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  • Elizabeth I’s Golden Speech – 30 November 1601

    On 30th November 1601, Queen Elizabeth I delivered her famous Golden Speech to the House of Commons. She gave this speech to address their concerns over England’s economic state of affairs. It was the last speech that she gave to Parliament, and in it, she spoke of her position as queen and her love and respect for her realm and for her members of Parliament.

    There are various versions of this speech, but the following version is taken from diarist and MP Hayward Townshend’s Commons Journal, printed in Historical Collections: Or, An Exact Account of the Proceedings of the Four Last Parliaments of Q. Elizabeth:

    “In the Afternoon, the Commons Attended the Queen at White-Hall, about Three of the Clock, to the Number of One Hundred, and Forty.

    The Commons attend the Queen in the Council-Chamber.

    At length, the Queen came into the Council-Chamber; where sitting under the Cloth of State, at the Upper End, the Speaker, with all the Commons came in: And after Three low Reverences made, he spake to this Effect:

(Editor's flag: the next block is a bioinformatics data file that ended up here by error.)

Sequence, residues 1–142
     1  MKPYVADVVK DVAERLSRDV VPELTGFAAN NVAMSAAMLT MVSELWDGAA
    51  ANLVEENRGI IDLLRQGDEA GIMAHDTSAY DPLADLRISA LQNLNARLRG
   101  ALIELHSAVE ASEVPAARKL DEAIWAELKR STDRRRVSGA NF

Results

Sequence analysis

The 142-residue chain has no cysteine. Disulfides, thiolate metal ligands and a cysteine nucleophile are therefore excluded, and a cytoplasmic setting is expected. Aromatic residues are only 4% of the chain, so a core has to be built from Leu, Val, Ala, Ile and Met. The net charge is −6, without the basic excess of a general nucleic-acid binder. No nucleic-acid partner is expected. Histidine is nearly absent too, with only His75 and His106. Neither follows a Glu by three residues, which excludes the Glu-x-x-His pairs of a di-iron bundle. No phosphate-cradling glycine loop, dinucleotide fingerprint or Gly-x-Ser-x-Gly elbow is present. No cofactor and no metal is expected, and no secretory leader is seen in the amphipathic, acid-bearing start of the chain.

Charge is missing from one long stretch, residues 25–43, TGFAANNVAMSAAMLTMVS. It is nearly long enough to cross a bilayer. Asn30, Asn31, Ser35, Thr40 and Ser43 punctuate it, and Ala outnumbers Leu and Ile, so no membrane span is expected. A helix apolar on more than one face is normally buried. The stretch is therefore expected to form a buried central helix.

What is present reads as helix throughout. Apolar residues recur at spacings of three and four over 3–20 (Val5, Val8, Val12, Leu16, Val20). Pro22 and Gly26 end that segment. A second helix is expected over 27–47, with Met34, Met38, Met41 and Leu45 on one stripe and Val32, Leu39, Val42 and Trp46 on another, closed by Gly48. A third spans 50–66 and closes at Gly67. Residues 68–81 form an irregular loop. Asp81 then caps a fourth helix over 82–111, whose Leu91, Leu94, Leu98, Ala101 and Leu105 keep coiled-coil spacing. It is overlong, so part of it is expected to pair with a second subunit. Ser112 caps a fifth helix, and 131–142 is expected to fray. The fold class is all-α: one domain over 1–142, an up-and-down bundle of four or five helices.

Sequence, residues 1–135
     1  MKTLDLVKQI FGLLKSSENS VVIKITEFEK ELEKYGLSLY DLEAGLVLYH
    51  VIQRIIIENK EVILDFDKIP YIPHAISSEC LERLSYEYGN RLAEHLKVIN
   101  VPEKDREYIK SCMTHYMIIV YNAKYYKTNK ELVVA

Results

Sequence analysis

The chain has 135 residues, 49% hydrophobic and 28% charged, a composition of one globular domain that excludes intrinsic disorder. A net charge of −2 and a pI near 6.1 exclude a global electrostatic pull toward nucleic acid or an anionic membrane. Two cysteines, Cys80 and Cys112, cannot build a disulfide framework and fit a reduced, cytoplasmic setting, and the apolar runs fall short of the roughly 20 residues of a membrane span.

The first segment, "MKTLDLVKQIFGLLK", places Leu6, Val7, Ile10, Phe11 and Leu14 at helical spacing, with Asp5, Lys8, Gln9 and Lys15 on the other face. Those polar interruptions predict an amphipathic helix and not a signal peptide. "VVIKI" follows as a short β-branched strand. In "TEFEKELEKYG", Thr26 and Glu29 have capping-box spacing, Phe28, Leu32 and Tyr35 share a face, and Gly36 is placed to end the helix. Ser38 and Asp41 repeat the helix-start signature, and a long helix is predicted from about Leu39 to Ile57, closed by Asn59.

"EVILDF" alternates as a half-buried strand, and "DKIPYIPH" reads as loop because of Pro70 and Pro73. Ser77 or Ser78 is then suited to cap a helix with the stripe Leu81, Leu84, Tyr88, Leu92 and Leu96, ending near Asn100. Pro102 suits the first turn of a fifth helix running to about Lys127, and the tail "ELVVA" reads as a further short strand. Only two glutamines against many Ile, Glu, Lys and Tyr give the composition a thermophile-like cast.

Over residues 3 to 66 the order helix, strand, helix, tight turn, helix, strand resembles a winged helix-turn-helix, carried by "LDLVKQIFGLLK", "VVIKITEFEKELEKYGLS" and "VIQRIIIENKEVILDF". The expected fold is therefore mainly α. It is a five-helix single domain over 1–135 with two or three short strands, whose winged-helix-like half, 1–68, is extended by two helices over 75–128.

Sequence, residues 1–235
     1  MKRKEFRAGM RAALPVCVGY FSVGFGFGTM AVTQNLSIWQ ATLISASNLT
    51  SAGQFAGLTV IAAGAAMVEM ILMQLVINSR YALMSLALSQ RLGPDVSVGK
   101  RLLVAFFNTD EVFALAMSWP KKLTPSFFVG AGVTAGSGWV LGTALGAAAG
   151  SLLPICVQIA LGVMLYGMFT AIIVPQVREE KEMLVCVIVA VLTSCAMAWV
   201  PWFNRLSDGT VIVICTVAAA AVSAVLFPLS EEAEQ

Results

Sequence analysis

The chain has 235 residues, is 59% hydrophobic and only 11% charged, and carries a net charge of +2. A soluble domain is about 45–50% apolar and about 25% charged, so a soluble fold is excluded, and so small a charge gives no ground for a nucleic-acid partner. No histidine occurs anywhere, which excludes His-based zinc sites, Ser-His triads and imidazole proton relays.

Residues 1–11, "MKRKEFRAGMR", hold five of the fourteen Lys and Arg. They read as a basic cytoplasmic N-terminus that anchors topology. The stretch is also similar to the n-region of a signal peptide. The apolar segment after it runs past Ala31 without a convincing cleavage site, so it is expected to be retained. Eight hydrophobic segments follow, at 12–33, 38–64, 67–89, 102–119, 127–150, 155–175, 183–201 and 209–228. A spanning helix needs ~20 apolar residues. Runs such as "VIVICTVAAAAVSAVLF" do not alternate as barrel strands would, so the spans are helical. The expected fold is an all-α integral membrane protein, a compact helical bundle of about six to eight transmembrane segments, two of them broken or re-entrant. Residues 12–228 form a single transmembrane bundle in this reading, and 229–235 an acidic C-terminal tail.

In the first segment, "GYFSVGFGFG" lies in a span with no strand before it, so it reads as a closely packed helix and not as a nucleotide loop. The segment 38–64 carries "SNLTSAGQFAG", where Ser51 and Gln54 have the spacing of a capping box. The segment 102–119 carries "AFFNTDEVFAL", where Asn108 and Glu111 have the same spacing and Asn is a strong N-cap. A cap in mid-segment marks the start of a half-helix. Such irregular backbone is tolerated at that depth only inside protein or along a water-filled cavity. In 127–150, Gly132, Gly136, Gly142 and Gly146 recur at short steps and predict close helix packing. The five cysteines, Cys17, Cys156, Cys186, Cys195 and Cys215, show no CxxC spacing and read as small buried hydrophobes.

The Speaker’s Speech to Her Majesty.

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  • Jane Boleyn, Viscountess Rochford

    Thank you to historian and author Conor Byrne for writing this article for us.

    Jane Parker was the daughter of Henry Parker, Baron Morley, and Alice St John. Her birth date is unknown, but her marriage took place in late 1524 or early 1525 when she would have been at least twelve years of age, the earliest age permitted for females to marry. Since she accompanied Katherine of Aragon as an attendant to the Field of Cloth of Gold in 1520, and appeared at a court masque two years later, it is probable that she was born no later than 1507 and probably by about 1505. Her highly educated father was a gentleman usher to Henry VIII. From her teenage years, Jane resided at court and lived in some luxury; her belongings included sleeves and apparel of rich fabrics, jewellery and plate.

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  • Margaret Tudor 1489-1541

    Margaret Tudor, Queen of Scotland, was born on 28th November 1489 at Westminster Palace. Her parents were King Henry VII and Elizabeth of York, and she was the couple’s second child and eldest daughter. The couple named her Margaret after her paternal grandmother, Lady Margaret Beaufort, and she was baptised at St Margaret’s Church, Westminster, on 30th November.